If you've got a document camera in your classroom, you're pretty good to go. Cameras from AVerMedia, Elmo, and Epson are popular, and they connect directly to a projector to show live video of what's under the lens. Unfortunately, document cameras can also be pricey. Some teachers have found less expensive USB web cams that do an acceptable job of showing a device's screen.

I've been on the hunt for a good portable USB camera. That's because I need it to travel with me, and the video needs to be directed through my computer so I don't have to switch video connections when toggling between my slideshow and the camera. In the past I've used an iSight Camera mounted on a flexible stand. Today the iSight is no longer available. I've recently been using using a Hue HD Webcam. I got it on sale for $30, but the problem is that the stand falls over when pointed down like a document camera.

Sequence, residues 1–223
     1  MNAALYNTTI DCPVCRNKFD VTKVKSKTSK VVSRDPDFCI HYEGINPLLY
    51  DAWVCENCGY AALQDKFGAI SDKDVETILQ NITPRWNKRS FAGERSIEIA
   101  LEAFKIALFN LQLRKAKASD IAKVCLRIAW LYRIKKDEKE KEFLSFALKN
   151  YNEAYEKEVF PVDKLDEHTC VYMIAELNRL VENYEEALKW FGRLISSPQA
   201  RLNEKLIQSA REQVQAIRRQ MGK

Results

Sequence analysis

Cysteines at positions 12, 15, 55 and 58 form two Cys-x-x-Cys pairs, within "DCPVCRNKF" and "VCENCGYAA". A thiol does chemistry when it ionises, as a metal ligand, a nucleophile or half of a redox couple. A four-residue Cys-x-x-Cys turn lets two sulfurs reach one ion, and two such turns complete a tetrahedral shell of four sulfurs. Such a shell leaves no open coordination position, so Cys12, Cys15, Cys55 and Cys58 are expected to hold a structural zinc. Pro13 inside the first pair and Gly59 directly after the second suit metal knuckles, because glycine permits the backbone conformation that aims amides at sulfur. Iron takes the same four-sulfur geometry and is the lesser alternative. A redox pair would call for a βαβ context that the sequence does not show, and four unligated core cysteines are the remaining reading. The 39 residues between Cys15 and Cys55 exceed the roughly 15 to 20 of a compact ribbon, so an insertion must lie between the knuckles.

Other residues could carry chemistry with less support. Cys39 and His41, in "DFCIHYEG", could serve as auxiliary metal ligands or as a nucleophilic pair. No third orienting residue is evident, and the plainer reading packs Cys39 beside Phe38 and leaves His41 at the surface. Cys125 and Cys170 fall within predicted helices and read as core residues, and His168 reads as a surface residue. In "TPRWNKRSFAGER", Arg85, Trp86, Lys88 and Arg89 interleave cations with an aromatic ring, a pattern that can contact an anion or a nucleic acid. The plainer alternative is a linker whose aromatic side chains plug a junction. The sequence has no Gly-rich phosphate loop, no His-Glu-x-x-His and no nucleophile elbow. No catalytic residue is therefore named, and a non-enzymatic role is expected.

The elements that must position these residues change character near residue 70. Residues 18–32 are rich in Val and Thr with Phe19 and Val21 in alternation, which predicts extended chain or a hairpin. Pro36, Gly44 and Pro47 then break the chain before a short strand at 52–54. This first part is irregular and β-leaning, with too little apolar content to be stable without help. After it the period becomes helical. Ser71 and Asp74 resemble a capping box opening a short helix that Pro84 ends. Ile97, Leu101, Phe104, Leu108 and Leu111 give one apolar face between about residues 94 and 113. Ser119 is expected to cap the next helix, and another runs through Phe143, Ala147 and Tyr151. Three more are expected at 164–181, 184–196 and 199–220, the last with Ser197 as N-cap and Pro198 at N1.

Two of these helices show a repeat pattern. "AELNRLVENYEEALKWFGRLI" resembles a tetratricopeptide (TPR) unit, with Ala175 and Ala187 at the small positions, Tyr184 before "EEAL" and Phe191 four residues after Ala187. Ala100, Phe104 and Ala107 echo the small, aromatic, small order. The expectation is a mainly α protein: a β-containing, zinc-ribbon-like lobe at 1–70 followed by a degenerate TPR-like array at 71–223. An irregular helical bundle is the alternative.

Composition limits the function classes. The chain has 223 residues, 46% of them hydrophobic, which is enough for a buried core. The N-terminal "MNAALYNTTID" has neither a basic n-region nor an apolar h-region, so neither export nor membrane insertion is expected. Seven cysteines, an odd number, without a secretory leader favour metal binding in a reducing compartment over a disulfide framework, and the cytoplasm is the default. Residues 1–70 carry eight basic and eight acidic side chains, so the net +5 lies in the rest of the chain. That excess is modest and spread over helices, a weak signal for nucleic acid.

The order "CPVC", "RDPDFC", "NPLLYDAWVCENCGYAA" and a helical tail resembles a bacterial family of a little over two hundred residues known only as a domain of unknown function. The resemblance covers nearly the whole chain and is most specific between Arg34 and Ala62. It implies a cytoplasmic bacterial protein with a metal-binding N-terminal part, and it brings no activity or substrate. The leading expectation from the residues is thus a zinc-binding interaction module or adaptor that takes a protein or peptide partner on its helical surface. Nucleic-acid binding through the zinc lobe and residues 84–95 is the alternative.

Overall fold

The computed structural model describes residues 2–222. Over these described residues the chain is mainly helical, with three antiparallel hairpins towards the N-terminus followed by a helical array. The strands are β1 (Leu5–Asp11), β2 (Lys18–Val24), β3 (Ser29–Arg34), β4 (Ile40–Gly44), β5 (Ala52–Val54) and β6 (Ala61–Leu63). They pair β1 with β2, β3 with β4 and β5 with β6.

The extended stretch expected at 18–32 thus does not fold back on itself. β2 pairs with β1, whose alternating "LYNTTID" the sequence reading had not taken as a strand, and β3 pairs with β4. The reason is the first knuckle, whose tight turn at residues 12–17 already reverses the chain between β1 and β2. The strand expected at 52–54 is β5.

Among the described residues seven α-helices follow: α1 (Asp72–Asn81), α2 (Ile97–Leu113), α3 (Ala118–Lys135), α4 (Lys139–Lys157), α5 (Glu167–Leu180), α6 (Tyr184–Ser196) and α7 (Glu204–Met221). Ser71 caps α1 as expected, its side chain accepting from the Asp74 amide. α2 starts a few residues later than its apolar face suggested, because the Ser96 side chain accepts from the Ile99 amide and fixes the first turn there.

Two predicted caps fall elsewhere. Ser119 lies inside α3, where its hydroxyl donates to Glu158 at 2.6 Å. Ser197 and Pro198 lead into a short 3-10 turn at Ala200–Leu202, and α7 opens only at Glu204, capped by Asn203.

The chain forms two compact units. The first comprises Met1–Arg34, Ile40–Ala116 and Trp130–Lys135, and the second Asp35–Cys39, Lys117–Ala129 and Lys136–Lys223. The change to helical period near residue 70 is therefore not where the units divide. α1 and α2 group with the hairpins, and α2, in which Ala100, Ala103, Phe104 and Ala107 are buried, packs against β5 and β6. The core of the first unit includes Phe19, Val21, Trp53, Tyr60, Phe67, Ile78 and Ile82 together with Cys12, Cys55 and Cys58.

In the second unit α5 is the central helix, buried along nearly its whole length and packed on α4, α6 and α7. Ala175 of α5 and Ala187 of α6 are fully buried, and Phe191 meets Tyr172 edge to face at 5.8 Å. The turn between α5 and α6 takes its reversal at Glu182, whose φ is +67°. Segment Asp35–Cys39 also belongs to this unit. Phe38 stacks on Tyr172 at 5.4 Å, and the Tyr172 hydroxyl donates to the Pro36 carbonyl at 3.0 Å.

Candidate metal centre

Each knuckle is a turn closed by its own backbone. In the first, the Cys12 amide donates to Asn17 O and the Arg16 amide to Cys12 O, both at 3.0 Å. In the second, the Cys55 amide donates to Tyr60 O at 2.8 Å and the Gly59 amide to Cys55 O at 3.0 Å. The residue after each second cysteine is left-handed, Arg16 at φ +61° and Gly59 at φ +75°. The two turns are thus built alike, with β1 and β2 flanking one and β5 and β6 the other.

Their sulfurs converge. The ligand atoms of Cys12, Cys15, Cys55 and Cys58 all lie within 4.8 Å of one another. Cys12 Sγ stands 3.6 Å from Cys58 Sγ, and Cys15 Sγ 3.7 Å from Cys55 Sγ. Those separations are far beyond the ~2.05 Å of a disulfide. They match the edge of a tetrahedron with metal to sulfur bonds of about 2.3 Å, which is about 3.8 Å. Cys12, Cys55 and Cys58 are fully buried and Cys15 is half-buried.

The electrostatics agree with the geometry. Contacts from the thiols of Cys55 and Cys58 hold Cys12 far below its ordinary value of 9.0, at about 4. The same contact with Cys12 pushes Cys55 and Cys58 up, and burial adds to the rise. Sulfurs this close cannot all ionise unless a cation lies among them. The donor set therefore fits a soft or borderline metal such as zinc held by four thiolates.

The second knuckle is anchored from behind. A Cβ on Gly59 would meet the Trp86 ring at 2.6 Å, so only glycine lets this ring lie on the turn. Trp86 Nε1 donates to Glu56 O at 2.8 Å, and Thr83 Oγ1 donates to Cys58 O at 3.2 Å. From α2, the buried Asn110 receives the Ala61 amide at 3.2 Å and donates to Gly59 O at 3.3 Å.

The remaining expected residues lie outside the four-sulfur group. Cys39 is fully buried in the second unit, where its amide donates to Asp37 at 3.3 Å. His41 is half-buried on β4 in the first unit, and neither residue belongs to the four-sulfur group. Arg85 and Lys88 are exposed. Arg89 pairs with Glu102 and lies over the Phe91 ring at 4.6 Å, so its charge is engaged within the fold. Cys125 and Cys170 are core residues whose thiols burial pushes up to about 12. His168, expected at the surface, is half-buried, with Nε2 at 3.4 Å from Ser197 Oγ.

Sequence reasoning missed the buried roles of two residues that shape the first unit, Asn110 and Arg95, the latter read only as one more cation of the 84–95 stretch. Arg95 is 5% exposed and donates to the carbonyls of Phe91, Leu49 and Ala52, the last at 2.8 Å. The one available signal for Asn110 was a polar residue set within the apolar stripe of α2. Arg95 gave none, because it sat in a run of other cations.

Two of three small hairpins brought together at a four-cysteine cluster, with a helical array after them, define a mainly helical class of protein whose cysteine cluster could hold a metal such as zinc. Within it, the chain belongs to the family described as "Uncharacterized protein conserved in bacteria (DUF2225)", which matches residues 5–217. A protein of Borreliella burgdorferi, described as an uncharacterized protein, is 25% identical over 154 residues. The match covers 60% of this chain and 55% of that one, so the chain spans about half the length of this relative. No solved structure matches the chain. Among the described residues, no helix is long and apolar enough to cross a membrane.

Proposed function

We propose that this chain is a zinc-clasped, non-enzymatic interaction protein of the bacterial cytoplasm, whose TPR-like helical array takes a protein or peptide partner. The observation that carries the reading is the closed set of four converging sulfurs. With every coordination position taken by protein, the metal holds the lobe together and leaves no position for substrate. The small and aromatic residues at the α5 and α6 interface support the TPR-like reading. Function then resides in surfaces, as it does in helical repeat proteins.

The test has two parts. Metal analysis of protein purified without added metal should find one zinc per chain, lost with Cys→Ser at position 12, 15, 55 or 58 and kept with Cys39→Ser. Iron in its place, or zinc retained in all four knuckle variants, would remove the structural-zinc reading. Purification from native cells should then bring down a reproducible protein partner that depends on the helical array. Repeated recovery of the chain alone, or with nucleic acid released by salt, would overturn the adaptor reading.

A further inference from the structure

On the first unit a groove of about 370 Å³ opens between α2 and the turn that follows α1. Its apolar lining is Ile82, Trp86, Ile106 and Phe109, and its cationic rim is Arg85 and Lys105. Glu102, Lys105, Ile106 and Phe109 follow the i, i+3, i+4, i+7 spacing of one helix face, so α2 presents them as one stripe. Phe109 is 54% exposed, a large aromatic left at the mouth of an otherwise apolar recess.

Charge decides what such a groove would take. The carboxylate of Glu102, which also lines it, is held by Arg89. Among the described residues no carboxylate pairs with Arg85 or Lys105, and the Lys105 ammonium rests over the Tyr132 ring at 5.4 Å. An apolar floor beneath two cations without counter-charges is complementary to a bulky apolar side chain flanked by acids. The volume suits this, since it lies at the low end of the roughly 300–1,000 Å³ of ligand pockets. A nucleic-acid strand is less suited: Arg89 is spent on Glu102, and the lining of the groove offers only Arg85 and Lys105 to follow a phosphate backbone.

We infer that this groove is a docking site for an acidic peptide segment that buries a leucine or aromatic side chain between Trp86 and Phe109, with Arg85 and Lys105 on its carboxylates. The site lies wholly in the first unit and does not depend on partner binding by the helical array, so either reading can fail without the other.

Thanks to a suggestion I heard on the Bit by Bit podcast, I am now using the IPEVO Point 2 View USB Camera. It's $69 and gives a better picture than my cheaper Hue HD Webcam. Point 2 View is designed to be used like a document camera, so the base is weighted down. Point 2 View adjusts height and position using a multi-jointed stand instead of a flexible stand so it doesn't wobble.

Point 2 View comes with P2V software for Macintosh and Windows. This software lets you view the camera's feed in a window or you can go full screen. It also has a variety of adjustments if you want to try to improve the picture.